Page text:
Self-pour tap bar, J-1 housing proposed in Lake Placid

LAKE PLACID — The North Elba-Lake Placid Planning Review Board heard proposals Wednesday for a new bar and an affordable apartment building for J-1 students. Both projects are planned for Main Street in Lake Placid.

Self-serve bar

Dan Reilly and Rachel Zendran, entrepreneurs from Stillwater, applied to the board to create a bar on the second floor of the new Faizy’s Fun House arcade at 2457 Main St. A nontraditional bar, the proposed business would use self-serve taps that have gained popularity in recent years across the country. Operated through a system called Pour My Beer, the taps would offer local beer and wine by the serving to customers, as well as some pre-mixed cocktails. Customers, after providing ID and a credit card to keep on file, would receive a personal radio-frequency identification card or wristband compatible with the self-pour machines — similar to a hotel key card or a smart wristband at an amusement park. They could then use this RFID to pour their own drinks at the taps. The RFID will track how much they have spent at the taps as well as how much alcohol they have consumed. The taps and RFIDs can also be programmed to stop after a certain amount of money or alcohol. According to Reilly and Zendran, this system will make it easier to track how much patrons have consumed, as well as when to cut them off.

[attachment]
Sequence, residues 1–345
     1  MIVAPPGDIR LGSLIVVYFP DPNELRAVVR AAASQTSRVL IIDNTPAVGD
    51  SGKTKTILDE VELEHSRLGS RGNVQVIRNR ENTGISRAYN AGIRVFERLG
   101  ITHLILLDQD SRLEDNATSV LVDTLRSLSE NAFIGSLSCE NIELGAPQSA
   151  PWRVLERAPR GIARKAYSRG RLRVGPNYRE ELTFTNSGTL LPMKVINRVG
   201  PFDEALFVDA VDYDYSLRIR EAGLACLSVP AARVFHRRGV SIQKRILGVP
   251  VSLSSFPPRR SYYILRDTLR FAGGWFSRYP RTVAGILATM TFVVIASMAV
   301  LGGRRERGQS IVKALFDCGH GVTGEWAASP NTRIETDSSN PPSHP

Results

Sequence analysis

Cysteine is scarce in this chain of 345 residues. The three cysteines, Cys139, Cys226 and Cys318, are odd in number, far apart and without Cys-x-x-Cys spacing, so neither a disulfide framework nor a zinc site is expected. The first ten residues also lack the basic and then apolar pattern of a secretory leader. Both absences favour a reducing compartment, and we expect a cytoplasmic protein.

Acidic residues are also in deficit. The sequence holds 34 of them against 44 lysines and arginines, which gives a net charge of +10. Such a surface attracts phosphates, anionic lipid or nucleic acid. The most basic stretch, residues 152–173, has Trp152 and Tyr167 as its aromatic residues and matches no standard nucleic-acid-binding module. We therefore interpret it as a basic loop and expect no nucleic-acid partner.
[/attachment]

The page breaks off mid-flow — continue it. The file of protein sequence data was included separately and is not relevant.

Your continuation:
According to Reilly, self-pour bars are still fairly novel in the Northeast.

“We ended up bringing a franchise on the real estate side that was the first in New York, and when we looked to this option (in Lake Placid) … there’s nothing above, I think it’s Rochester, all the way across the Northeast. So it’s a newer concept up here but it’s all over,” he said.

Among the proposed changes to the space, Reilly and Zendran plan to install restrooms along with the self-pour taps. The bar will be accessed from inside the ground-floor arcade space and will open an hour after the arcade opens. According to the review board application, the bar will create six jobs.

The board decided to “put (the application) through its paces” despite Reilly and Zendran having not yet obtained a liquor license. Even with conditional use granted, the business will not be allowed to operate until it has a license.

J-1 housing

Mea and David Rosner, who own local vacation rental company Stay ADK, propose to transform 2653 Main St. — the building that used to house Fireside Steak House — into affordable housing for J-1 students working in the village.

“We have experience with housing (J-1 students) for the past three years, and we never have enough housing. They are constantly calling. We have to turn them away. So we thought that we would like to provide a good space for them,” Mea said.

According to plans provided in the review board application, the building will be able to house a maximum of 24 people in a dorm-style arrangement, with shared bathrooms and common areas. If approved, the apartments are slated to be finished by December.

The board expressed reservations about the use of the ground-floor storefront-style space in the building as a common area, which the Rosners’ plan proposes. Mea suggested that she move the office of her financial management business into the storefront instead of the common area, so at the street level the building would still be for commercial rather than residential use. The common area will be moved to an area that is not visible from the street level. The board agreed to these alterations to the plan, as the use of the building will technically remain commercial rather than shifting to residential. The board will vote on the plan at its next meeting on Wednesday, Oct. 4, contingent on the Rosners providing updated plans.


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